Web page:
I wonder if he ever figured out what rhymes with Bronco….

“Well, I been spending all my money on weed n’ pills
Trying to write a song that’ll pay the bills
But it ain’t came yet so I guess I’ll have to rob a bank

I guess it could be worse it ain’t that bad
At least I ain’t sitting in old Baghdad
in the middle of the hot damn desert sitting in a tank”

1. “Water in a Well

Coming in at number one is “Water in a Well” off of High Top Mountain. Before performing this song on the NPR Tiny Desk Concert, he said that this one was for the ladies, then he later corrected himself and said they’re all for the ladies. On behalf of us ladies, we say thank you!

“Water in a Well” is a song about moving on after a love has ended but articulated and sung about in a way that only Sturgill can. When you find your love drying up like water in a well just put this song on and let Sturgill’s voice wash over you. I could write more about why I love this song or you could just listen to it for yourself and try to figure out why. Seeing as how I’ve included the video below, I think I’m gonna leave this one up to you!

“Lord knows I’ve tried to move on
And get you out of my mind
You find your way in to all of my songs
Every memory I manage to find
Someday if I’m standing on some big old stage
And you’re down in the crowd
Trying to tell your friends I used to know him when
But in your heart you’ll know it ain’t true somehow
Trying like hell but it’s too soon to tell
If our love has all dried up like water in a well”

 

Honorable Mentions: Live a Little (Brace for Impact),” “Breaker’s Roar” and “Some Days.” Or basically any Sturgill Simpson song!

Here’s to hoping Sturgill plays all these songs in concert tonight! Who knows? Maybe I’ll find some new favorite songs after the night is over. Also, if you’re at the concert, look for me! I’ll be the girl wearing the “Who the Fuck is Sturgill Simpson” t-shirt!

Currently listening to: Willie Nelson- “I’d Have to Be Crazy.” Sturgill covers a version of this song on High Top Mountain and does a damn good job!

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The Tracks I’m Playing (Week of September 11, 2017)

I usually try to start off these posts with a joke or by saying something clever about it being Monday. However, since today is the sixteenth anniversary of 9/11, I’ll start instead by taking this opportunity to remember those we lost on this day sixteen years ago.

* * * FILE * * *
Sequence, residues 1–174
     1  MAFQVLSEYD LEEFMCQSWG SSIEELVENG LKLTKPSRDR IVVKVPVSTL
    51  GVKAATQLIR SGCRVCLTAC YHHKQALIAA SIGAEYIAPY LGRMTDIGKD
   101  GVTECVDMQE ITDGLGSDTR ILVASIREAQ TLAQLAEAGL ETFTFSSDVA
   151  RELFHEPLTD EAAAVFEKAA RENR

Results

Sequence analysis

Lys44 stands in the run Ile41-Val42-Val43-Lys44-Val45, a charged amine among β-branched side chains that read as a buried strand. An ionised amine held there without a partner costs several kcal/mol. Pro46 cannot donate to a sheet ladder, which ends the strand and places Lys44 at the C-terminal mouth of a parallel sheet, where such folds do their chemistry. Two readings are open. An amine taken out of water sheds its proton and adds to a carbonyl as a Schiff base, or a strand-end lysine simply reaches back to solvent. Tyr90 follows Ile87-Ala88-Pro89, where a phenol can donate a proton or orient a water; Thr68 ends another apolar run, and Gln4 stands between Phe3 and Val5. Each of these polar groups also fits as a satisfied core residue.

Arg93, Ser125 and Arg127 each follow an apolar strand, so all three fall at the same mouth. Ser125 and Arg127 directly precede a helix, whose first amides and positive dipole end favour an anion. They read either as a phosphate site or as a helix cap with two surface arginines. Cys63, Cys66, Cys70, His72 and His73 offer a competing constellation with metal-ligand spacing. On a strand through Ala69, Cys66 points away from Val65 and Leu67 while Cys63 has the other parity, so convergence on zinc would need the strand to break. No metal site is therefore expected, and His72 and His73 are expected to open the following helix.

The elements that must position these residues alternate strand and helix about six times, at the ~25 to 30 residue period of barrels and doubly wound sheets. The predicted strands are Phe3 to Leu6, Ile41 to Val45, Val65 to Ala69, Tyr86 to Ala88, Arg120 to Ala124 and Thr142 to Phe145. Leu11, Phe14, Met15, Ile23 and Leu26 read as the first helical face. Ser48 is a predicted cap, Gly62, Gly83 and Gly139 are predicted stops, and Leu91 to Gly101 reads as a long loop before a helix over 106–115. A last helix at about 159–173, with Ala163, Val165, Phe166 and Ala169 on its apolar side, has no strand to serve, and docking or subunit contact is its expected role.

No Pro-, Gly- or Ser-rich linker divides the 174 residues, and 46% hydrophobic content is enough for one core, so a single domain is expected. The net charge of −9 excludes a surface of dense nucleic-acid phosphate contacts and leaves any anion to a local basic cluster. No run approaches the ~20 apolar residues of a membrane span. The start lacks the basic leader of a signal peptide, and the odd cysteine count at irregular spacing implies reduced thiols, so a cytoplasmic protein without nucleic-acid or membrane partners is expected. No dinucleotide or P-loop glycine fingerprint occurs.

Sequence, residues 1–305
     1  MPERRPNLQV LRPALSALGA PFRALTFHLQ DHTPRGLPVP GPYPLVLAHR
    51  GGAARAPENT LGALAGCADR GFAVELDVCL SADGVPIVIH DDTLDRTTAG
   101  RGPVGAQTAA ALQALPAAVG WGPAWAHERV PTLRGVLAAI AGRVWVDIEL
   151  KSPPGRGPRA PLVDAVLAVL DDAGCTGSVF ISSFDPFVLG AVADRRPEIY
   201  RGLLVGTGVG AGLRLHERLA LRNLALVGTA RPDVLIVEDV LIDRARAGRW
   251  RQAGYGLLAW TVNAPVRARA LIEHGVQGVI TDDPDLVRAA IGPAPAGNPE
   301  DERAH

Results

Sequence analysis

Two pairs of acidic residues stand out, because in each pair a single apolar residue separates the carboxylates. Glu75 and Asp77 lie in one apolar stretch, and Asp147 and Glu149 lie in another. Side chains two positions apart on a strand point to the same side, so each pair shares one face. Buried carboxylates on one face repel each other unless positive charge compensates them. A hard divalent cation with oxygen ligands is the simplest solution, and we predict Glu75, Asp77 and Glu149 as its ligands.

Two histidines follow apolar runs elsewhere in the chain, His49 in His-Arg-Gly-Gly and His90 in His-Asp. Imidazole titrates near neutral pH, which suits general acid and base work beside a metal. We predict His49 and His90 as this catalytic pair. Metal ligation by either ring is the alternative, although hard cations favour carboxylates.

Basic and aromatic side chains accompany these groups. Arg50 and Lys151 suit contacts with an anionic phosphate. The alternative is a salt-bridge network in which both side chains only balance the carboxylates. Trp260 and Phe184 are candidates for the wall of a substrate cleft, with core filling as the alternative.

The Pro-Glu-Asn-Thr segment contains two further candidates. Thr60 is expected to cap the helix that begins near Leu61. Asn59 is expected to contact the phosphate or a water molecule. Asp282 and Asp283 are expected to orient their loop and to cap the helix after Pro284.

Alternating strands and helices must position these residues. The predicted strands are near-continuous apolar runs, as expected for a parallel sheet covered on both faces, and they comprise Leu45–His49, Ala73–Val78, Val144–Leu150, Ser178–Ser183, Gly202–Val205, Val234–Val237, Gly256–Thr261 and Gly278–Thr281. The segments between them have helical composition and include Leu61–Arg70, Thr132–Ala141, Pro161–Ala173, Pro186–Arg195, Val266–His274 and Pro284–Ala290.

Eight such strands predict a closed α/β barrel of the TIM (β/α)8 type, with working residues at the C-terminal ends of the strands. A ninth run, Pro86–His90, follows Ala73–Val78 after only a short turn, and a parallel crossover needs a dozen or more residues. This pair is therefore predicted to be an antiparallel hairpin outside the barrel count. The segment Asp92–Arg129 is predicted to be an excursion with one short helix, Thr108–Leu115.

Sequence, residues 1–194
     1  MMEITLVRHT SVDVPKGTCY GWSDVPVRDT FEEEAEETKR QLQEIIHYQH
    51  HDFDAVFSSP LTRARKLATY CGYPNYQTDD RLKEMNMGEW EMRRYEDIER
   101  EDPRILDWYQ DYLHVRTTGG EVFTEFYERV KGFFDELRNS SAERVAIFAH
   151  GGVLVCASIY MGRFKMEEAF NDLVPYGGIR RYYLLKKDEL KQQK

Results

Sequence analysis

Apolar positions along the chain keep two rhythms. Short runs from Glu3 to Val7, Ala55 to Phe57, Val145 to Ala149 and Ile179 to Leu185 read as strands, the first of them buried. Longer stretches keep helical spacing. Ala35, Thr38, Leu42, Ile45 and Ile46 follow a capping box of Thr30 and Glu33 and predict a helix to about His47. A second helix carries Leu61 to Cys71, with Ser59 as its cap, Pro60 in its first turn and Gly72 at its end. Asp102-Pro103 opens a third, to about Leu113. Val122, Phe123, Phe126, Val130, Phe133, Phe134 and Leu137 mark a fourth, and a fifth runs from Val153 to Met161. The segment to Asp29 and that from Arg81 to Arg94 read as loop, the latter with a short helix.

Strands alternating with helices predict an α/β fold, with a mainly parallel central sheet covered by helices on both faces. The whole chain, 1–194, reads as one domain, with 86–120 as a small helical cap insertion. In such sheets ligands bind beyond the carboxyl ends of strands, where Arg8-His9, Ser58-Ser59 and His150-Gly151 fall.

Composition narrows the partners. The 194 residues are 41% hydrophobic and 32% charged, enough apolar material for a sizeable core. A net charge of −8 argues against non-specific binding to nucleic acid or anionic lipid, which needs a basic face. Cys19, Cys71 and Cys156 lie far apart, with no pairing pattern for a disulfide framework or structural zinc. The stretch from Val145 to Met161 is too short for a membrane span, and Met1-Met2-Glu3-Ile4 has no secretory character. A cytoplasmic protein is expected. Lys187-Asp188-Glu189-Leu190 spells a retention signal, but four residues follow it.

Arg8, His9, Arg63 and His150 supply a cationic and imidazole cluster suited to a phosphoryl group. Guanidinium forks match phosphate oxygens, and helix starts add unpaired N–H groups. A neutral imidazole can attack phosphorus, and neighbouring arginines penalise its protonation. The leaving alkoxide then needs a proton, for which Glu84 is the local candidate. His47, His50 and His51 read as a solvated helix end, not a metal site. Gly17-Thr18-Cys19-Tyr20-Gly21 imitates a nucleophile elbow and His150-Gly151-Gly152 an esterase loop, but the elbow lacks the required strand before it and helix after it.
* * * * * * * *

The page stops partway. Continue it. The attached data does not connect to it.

The Tracks I’m Playing 

Tyler Childers- “Feathered Indians.” This song had me from the very first lines:

Well my buckle makes impressions
On the inside of her thigh
There are little feathered Indians
Where we tussled through the night”

Damn.

Tyler is a great songwriter and his Kentucky accent makes these songs even more enjoyable to listen to. With that being said, if anyone has an extra ticket to Tyler’s show at Songbyrd Record Cafe and Music House in DC on September 29th and would be willing to part with it, I would be forever in your debt! Help a sister out!

Kip Moore- “Blonde.” If you haven’t listened to Kip Moore’s new album SLOWHEART stop what you’re doing right now and go listen! It just came out on Friday so I don’t really expect you to have listened to it yet. I’m still listening to it myself and so far “Blonde” has been my favorite song. I might be a little biased if I say that this is a great album because admittedly I have a huge crush on Kip Moore.

“You ain’t even blonde girl
Or even true to your roots” 

Ryan Bingham- “Southside Of Heaven.” I don’t believe in heaven but if I did I would want to be on the Southside of it, that’s for sure. I love Ryan’s rough voice and his accompanying rough exterior. If guys that sing like this are on the Southside of heaven, then that’s definitely the side I would want to be on.

Luke Bell- “Loretta.” Is there anything more country then Luke Bell singing a song about a woman named Loretta? I didn’t think so. The next time someone tells you that they aren’t making country music like they used to, play them some Luke Bell and watch them shut up as you prove them wrong. Even the cover of his self-titled album looks like it belongs in a past decade. As long as he keeps making songs like this, I’ll gladly keep him around in this decade!

Lucinda Williams- “Lake Charles.” It’s funny how some songs find their way into our lives and this song is no exception. I saw a line from this song on the back of a Lucinda Williams t-shirt a few weeks ago. The guy wearing the shirt was standing in front of me in line at the Ray Wylie Hubbard concert at Hill Country BBQ in DC. The line on the back of his shirt read, “we used to drive through Lafayette and Baton Rouge in a yellow Camino.” There might’ve been more but that’s all I remember. And I think there was a yellow Camino on the front of the t-shirt. I figured the song that this line came from must be really good to have its own t-shirt so I looked up the lyrics later and found “Lake Charles.” I’ve listened to it over and over and the more I listen to it the more I wanna go to Lake Charles, Louisiana. I’m grateful to that random man in front of me for choosing to wear that specific shirt on that specific night and peaking my curiosity enough to look this song up. I understand why this song got its own t-shirt now!